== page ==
Bavaria by train: the way there – Brussels & Cologne

Just before the pandemic, we had our first long-distance overseas train holiday of more than a couple of days, to Switzerland. The success of that, together with the delight of clear blue, unsullied skies during Covid, made us resolve to continue with the 6% club as our preferred mode of travel, and so for our return to Europe, we spent 10 days visiting family in Bavaria travelling by train.

The great thing about train travel, apart for the lower emissions, is that you can see the landscape slipping by and change as you get further from home, and that you can extend your holiday by exploring intermediate destinations. For us, heading out, that involved Brussels. Just a couple of hours out of St Pancras we were living the life, eating moules frites and drinking Belgian beers under blue skies (which sadly largely disappeared for the next few days behind the grey cloud we have become used to at home this Spring).

Over the next couple of days we got to know the city well: the architecture, from the extravagances of the Baroque to the naturalistic curves of Art Nouveau to the edges and reflections of modern times…

… the monumental art …

…. to the street art, of all kinds.

And of course, even on the mean street of Brussels there was wildlife, from the mini-forests of moss sporophytes atop the walls, to the Black Redstarts in crackling song from many a rooftop, and the (unsprayed!) planting pockets for boulevard trees extensively colonised by Little Robin (rare in the UK) and other delightful pavement plants.

There was also more formal greenspace and there the noisy battalions of Monk Parakeets, seemingly more keen on feeding on the ground than the Rose-ringed Parakeets we are more familiar with in London and elsewhere, together with (wherever there were Lime trees) the ubiquitous Firebugs.

Next day we explored further, taking the Metro out to the Atomium, the wonderful Modernist structure built as the centrepiece of the 1958 Expo (and actually designed to be standing for only six months!). It still feels futuristic now, so its impact 65 years ago is unimaginable… Wherever you have a view of the skyline, throughout the city, the Atomium is there.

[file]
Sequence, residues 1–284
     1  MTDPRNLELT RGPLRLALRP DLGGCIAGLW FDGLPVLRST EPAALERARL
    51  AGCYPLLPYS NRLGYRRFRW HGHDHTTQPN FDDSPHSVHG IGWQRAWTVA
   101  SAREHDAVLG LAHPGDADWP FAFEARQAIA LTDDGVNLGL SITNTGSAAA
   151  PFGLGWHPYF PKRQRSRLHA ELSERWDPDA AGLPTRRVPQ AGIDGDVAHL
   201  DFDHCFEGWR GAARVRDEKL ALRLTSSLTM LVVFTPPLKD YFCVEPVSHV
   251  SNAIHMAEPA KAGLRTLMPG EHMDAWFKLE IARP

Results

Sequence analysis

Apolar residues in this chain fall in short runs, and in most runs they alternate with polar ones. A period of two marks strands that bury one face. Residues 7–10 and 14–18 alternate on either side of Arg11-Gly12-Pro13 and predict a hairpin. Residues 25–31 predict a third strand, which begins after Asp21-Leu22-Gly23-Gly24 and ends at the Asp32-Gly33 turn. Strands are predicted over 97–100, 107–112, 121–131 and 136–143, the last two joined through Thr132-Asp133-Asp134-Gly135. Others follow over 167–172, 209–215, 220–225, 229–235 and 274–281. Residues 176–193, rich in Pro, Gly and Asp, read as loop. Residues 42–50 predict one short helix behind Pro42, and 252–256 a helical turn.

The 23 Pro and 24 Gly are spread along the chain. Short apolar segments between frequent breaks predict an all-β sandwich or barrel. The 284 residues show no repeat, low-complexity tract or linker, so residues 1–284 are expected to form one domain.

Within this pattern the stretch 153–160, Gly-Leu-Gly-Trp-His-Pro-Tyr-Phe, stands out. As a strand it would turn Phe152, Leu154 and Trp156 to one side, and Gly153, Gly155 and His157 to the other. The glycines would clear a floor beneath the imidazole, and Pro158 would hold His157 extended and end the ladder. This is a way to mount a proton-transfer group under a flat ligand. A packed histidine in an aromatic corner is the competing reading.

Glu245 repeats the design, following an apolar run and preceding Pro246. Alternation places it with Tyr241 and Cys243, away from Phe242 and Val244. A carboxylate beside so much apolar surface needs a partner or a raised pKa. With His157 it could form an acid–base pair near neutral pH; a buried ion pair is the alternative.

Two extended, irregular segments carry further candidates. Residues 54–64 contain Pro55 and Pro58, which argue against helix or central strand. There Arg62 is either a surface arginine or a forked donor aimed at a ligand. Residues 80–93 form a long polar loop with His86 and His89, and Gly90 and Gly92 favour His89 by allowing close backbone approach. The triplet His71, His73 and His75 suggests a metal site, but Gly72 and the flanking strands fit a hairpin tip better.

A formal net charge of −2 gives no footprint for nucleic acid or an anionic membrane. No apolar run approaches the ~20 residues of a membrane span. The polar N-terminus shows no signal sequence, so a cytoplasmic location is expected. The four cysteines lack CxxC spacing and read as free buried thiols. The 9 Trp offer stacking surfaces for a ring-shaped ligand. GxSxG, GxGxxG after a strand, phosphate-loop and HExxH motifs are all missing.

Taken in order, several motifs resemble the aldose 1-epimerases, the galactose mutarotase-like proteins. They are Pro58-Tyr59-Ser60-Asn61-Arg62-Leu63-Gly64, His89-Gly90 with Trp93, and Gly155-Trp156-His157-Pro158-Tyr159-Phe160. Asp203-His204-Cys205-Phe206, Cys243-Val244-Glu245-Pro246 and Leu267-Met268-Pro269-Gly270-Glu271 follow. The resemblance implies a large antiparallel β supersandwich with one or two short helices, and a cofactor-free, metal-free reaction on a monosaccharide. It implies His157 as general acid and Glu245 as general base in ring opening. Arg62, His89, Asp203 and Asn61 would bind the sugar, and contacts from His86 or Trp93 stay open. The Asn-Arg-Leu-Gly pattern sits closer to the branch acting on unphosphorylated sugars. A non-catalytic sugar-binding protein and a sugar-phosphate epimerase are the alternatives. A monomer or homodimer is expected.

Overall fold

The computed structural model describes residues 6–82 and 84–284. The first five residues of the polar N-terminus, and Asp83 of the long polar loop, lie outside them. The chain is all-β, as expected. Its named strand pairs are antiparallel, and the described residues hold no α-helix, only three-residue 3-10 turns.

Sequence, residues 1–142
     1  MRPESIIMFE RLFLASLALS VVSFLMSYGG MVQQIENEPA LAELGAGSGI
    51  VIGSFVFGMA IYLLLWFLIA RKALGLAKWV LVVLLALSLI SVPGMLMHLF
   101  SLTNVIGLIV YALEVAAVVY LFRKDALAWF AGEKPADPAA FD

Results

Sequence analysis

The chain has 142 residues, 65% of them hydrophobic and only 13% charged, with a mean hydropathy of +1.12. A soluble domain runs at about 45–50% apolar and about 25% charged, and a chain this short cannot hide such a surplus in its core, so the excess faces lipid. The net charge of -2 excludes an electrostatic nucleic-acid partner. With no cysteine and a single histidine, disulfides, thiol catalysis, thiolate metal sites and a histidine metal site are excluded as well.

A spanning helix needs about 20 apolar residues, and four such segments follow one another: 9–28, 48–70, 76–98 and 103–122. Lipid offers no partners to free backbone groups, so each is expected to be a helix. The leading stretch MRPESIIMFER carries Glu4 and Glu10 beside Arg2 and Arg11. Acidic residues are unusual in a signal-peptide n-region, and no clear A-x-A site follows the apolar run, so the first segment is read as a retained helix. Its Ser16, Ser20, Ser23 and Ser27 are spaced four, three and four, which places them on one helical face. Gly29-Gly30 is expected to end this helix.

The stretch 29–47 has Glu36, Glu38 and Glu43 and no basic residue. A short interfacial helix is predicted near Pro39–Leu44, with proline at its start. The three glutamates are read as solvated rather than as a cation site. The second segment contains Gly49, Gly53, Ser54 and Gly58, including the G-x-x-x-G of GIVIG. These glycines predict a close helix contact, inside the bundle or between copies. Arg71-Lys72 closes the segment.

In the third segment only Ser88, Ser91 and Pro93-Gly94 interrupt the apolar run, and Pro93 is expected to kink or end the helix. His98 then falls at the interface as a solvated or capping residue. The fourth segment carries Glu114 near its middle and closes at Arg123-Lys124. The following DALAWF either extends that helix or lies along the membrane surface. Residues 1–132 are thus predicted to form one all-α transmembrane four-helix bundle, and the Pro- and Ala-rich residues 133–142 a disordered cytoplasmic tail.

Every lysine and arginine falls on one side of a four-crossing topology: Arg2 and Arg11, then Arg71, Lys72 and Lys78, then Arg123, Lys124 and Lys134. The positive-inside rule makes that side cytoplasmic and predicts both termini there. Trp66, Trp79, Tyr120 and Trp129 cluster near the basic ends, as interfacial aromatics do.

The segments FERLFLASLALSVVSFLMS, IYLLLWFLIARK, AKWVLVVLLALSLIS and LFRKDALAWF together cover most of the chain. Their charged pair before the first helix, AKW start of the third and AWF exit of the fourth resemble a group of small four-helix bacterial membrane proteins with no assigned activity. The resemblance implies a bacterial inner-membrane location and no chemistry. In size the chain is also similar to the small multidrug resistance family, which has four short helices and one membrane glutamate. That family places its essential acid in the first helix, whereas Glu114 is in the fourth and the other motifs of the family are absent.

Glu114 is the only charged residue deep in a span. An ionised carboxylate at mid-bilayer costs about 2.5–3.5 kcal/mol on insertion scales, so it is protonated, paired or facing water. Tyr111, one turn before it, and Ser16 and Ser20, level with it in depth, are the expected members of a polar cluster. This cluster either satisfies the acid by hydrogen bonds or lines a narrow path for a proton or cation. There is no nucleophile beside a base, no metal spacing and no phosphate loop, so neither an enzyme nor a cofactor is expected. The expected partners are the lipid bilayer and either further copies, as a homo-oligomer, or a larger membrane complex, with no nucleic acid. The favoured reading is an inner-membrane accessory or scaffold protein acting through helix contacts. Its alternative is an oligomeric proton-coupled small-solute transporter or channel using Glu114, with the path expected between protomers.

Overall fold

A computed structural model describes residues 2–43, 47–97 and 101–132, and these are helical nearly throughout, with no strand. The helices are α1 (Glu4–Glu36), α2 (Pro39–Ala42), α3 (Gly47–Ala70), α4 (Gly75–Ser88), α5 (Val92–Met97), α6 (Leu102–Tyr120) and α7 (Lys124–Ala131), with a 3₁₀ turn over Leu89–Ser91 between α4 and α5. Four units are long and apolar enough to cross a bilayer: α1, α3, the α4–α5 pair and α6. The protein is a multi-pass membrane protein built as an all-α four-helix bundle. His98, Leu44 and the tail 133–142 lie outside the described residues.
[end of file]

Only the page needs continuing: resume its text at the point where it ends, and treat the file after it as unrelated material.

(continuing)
It is sited on the edge of a vast royal park, much of which has open access, around the lakes, grasslands and through the extensive Beech woods, where the flowers were pretty much as in British equivalents, with the addition of Yellow Strawberry.

Statues, monuments and a magnificent avenue of Copper Beeches that casted an almost autumnal light were all indiciations of past and present human use, but the pair of Goshawks displaying high overhead clearly don’t mind!

As with the flowers, invertebrates were mainly those we might expect to see in a London park (including a range of ladybirds and Beech Woolly Aphid), with the exception of the huge Roman Snail.

An excellent couple of days, in a city we would like to see more of, in a country we would love to eat more of the food of and drink more of the beer of! From a nature perspective, it was good to see the apparent steps towards sustainability, from the spray-free street tree planting pockets, to the swathes of longer grass in the greenspaces with wildlife-friendly native and non-native plants allowed to flower, and the mini-wildlife sites in the heart of the city proudly labelled as parts of the Nature Network. On top of that, while we were there it was Eurovision, and in a commercial break on Belgian TV, a prime-time ad for their equivalent of No Mow May!


And so, after a fun-filled couple of days, and with rain in the forecast and the cold north-easterlies re-establishing, it was back on the train and heading to Bavaria, with just a couple of hours in Cologne to stretch the legs and have breakfast, and wonder anew (see here for our last trip there) at the vast, scary monster, the apogee of gothickry, that is Cologne Cathedral…